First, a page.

Poetry or Prose?
My father wrote poetry, but he never showed any of it to me He gave me a carrier bag of notebooks and papers a short while before he died with the instructions to ‘see what you can do with this’.
Some had been written over thirty years beforehand. I had always expressed a dislike for poetry even as a youngster, which may be why he never showed them to me.
I used to say: ‘If someone’s got something to say,, why not just say it so that everyone can understand? Why wrap it up in verse and make it difficult?’
I still that to a certain extent, but my attitude has changed since last week, when a poem came out of me. It was a very strange experience.
I write a lot of prose, but haven’t written a poem since we were forced to one day in primary school for St. David’s Day (the Patron Saint of Wales) at the age of eight. I clearly remember why I didn’t like doing it too – it made me feel too exposed. I was giving too much away.
When I wrote that poem last week, it was March 1st – St. David’s Day – 50 years to the day since the first poem. I was sitting on a bus waiting for it to refuel. I set out to write an article like this one to go on my blog.
I put the title on the top of the page, as I always do and started writing. The title was to be ‘When The Lights Dim’, but when I started writing, a poem came out instead.
I was highly charged emotionally, just having had an argument with my wife and a little tipsy because I wanted to sleep on the five-hour journey. I wrote a poem of four stanzas in less than ten minutes with practically no thought at all, but lots of pure emotion.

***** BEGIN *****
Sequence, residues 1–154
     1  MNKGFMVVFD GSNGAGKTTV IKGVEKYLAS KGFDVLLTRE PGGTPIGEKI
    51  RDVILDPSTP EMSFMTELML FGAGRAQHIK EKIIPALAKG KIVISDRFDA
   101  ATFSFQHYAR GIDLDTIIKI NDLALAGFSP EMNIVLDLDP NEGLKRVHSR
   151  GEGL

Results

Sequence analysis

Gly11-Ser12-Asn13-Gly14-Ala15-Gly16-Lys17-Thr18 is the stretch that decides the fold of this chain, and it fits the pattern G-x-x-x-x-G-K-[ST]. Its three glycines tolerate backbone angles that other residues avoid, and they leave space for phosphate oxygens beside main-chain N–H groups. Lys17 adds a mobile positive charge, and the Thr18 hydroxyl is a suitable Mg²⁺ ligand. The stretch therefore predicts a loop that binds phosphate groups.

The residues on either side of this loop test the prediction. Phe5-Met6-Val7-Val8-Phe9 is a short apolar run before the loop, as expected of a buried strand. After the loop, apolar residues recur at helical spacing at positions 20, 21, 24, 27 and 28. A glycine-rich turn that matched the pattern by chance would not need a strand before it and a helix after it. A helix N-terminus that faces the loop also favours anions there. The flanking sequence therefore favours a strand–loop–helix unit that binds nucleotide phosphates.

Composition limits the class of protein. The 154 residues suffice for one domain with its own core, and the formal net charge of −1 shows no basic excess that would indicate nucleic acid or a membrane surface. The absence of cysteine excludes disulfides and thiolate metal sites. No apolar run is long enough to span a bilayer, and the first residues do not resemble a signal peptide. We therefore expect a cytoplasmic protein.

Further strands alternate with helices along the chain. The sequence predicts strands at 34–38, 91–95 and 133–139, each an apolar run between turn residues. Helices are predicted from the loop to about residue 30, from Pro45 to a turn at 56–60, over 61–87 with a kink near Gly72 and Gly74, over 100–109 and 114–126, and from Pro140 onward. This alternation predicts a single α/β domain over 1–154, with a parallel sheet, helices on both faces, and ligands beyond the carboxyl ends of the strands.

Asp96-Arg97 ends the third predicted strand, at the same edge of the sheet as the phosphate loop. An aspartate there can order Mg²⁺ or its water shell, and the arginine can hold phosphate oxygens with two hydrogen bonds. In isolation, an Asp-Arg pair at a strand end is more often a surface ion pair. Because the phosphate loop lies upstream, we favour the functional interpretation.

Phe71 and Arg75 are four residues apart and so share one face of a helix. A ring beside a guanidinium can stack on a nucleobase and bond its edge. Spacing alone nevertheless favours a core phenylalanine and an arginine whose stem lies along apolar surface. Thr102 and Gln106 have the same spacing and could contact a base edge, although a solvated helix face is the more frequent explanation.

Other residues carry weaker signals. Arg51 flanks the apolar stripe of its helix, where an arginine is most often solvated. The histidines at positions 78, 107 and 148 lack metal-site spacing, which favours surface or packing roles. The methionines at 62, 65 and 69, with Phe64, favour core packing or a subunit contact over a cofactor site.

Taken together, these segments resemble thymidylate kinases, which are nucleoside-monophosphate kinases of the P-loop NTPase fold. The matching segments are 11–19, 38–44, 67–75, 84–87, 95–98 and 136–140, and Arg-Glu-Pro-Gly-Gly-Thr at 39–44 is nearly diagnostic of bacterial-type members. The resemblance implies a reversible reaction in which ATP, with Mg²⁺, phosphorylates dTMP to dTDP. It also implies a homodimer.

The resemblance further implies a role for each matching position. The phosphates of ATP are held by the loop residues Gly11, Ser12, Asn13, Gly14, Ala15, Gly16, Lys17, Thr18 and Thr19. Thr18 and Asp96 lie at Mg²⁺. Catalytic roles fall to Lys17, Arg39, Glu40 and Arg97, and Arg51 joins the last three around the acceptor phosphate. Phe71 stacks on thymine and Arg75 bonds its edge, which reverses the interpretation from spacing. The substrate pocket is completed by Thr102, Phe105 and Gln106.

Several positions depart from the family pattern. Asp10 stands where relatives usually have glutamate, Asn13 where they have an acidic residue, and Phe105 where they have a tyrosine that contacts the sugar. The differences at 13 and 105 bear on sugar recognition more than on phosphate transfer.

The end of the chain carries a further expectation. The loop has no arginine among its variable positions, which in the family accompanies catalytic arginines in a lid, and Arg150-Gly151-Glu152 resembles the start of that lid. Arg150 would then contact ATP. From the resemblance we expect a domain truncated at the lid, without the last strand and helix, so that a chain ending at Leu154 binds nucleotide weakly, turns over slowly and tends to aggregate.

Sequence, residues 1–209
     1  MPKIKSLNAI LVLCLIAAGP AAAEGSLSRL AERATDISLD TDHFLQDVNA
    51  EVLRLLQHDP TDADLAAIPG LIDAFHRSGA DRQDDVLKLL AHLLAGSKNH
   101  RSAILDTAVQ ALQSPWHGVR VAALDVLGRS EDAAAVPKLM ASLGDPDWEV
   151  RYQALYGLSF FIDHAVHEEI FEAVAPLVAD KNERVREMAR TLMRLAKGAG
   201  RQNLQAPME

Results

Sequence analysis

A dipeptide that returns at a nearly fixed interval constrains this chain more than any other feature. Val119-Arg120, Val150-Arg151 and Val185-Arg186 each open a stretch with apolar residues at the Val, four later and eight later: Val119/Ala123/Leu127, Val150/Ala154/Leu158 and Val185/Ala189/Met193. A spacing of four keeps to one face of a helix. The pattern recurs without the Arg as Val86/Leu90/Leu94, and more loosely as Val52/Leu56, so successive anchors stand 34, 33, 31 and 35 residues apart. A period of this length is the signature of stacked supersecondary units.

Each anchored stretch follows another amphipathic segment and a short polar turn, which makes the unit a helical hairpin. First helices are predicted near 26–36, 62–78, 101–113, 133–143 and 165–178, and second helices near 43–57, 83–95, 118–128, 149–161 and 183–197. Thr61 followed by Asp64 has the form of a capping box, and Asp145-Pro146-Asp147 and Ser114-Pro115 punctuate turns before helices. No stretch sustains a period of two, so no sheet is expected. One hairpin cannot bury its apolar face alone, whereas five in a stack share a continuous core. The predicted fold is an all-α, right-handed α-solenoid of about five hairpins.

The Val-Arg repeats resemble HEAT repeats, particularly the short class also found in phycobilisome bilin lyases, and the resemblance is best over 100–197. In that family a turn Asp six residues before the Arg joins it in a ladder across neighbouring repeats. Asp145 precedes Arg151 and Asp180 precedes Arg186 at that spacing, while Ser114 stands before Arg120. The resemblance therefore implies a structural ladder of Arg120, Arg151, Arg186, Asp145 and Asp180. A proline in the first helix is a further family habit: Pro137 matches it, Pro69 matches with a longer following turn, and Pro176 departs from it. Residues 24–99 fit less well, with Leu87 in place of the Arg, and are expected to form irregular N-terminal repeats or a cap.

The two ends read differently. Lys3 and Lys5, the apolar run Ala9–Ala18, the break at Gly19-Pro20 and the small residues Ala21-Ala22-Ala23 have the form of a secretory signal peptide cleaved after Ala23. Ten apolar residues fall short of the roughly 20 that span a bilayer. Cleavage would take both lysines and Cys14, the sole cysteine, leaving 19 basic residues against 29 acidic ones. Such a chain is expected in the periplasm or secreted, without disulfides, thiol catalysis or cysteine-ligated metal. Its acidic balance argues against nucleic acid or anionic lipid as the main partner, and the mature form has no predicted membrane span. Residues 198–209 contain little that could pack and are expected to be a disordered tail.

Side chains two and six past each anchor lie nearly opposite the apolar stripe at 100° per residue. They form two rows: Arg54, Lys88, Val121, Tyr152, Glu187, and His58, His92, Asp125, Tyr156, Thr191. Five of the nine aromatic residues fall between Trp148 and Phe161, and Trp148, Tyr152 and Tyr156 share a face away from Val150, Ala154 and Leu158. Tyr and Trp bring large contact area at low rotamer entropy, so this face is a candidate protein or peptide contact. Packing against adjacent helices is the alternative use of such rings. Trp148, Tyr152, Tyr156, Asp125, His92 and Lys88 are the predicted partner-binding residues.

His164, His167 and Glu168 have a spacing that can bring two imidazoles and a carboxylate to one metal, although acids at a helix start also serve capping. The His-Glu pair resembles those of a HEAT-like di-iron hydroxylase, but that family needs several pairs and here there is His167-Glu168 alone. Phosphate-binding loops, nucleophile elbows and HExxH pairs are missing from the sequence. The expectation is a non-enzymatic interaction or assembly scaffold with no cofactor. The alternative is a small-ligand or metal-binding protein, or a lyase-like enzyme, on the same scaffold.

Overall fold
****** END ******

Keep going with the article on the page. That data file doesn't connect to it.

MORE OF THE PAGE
It occurs to me now that that is the difference between poetry and prose – emotion. A good poem has to be heart-felt, from the heart, whereas an article or book can just be factual and still be good. I have never seen a text book written in verse.
I sat down just now to try to write another poem, but nothing came t me, so I am writing this instead. Is that because I am not so ’emotionally-charged this time as I was the other night?
I think that it is because it takes a lot to get me riled and without that passion, poetry might not be possible. After all, you don’t have much room to say what you want in a poem. An article like this will have 500-1,000 words whereas most poems are a lot shorter (20-30% the size?).
Perhaps it’s difficult to remain emotional after 300 words. Perhaps the poet feels drained. It would not surprise me in the slightest. I learned something about poetry and poets on that bus – I know I’ll never be a poet.
by +Owen Jones